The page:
The Rose Mercadante Chemistry and Biochemistry Seminar Series is pleased to present a seminar by Dr. Caroline Proulx of North Carolina State University entitled "Oxime ligation via in situ oxidation of N-phenylglycinyl peptides."
The seminar will be held from 5:45 – 7 p.m. on Tuesday April 9, 2019 in the Helen Lerner Amphitheater, Science and Technology Center, Seton Hall University. Refreshments are available at 5:30 p.m.
Caroline Proulx obtained her Hon. B.Sc. from the University of Ottawa in Biopharmaceutical Sciences (Medicinal Chemistry) in 2007, working under the supervision of Prof. Robert N. Ben. In 2012, she obtained her Ph.D. in Chemistry from the Université de Montréal under the guidance of Professor William D. Lubell, where she worked on the development of methodologies for the combinatorial synthesis of azapeptides. From 2012-2016 she was an NSERC postdoctoral fellow at the Molecular Foundry, Lawrence Berkeley National Laboratory, working with Dr. Ronald N. Zuckermann on peptoid synthesis and self-assembly. She joined the faculty at North Carolina State University in July 2016 as an Assistant Professor, where she develops new tools and synthetic methods to access peptide and protein mimics for medicinal chemistry and chemical biology applications.
Chemoselective reactions that occur under mild conditions are required to synthesize and probe biomolecules in aqueous settings. There remains a need for the development of so-called "orthogonal bioorthogonal" reactions that can be used in combination with existing methods, such as copper-catalyzed or strained-promoted azide-alkyne cycloaddition reactions. To that end, ligation of aminooxy groups with α-oxo-aldehydes or ketones have been widely pursued; however, superstoichiometric amounts of aniline are typically required to construct oxime bonds at neutral pH via formation of an aniline Schiff-base intermediate. The utility of oxime ligation reactions is expanded by providing direct access to the reactive α-imino amide intermediate from a site-selective, aerobic oxidation of N-phenylglycinyl-terminated substrates. Certain N-aryl-amino acids can also undergo in situ oxidation/ligation reactions using air as the only oxidant to provide functionalized oxime bonds.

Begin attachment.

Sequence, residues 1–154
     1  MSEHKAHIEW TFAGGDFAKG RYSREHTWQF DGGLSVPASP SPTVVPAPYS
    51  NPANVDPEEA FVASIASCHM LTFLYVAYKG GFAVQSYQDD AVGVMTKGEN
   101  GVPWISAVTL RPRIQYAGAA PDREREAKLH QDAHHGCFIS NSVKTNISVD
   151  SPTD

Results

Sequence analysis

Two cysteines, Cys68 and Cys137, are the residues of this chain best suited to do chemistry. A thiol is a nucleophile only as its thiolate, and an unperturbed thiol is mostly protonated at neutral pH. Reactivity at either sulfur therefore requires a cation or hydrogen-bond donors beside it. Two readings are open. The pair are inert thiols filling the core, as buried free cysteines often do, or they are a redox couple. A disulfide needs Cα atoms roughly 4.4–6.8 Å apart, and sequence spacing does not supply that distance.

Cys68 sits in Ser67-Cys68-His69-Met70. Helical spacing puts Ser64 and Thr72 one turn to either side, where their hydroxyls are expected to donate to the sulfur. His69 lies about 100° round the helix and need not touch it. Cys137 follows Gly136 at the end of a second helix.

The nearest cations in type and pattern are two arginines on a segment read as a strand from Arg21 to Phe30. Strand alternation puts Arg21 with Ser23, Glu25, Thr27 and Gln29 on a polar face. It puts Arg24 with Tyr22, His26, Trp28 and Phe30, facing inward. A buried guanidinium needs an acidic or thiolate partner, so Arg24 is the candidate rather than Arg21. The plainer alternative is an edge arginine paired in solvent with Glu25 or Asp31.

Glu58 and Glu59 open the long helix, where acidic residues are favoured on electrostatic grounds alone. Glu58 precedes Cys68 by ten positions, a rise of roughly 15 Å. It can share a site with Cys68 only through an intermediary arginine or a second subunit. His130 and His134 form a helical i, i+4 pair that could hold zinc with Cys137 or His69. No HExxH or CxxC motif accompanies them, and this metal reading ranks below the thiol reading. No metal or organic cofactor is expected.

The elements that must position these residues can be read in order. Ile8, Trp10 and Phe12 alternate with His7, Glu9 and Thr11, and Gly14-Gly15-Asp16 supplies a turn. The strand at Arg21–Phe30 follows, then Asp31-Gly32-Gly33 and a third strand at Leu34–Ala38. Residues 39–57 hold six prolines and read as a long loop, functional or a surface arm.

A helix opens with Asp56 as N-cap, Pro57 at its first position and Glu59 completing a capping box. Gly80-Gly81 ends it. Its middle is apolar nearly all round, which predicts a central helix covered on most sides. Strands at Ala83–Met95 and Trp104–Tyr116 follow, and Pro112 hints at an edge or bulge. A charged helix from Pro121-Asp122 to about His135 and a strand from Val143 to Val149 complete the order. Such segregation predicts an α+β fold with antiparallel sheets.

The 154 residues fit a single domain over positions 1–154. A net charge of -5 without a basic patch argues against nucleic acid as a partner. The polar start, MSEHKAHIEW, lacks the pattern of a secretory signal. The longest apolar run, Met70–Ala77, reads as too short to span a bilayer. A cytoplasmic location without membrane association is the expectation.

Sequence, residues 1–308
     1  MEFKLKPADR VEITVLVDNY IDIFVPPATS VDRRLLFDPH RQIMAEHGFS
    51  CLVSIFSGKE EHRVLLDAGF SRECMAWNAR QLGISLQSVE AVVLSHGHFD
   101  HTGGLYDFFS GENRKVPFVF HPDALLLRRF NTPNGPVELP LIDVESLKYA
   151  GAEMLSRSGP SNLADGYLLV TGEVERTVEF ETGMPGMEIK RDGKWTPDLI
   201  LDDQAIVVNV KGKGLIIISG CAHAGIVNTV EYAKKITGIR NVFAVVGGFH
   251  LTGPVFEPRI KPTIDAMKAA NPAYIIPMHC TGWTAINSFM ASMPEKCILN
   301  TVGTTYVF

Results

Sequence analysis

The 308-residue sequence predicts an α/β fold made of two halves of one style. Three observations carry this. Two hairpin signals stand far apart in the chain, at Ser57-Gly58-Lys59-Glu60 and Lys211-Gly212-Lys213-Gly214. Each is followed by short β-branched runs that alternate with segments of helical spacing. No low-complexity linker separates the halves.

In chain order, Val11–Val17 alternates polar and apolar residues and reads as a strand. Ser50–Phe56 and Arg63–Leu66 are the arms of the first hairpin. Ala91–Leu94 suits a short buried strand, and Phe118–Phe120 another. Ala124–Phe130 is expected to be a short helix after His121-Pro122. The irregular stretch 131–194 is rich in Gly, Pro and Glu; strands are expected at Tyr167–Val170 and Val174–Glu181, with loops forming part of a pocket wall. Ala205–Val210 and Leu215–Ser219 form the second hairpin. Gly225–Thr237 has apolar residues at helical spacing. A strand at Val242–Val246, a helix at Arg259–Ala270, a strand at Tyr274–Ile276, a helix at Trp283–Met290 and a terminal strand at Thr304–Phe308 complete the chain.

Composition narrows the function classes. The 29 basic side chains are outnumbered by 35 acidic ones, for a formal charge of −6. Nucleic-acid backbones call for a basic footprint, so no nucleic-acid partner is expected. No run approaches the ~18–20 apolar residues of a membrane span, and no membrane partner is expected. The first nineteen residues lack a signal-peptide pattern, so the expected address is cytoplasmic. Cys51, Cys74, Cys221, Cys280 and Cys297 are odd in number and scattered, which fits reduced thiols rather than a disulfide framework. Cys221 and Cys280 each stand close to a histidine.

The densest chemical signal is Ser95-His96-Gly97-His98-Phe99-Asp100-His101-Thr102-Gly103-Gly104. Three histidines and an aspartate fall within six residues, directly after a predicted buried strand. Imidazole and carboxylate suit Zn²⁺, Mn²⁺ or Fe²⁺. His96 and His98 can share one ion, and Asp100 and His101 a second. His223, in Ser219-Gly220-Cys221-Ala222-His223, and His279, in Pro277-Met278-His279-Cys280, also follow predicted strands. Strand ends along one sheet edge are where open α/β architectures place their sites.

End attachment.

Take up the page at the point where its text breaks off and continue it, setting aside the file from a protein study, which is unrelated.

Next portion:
The Department of Chemistry and Biochemistry offers BS, MS and PhD degrees with specializations in all areas of chemistry. Our unique research environment, including traditional full-time students and part-time students is designed to foster collaborations with industry and colleagues in other disciplines. The Rose Mercadante Seminar Series is named for Rose Mercadante, the departmental secretary for over 40 years, in honor of our alumni, her "boys and girls."
Categories: Science and Technology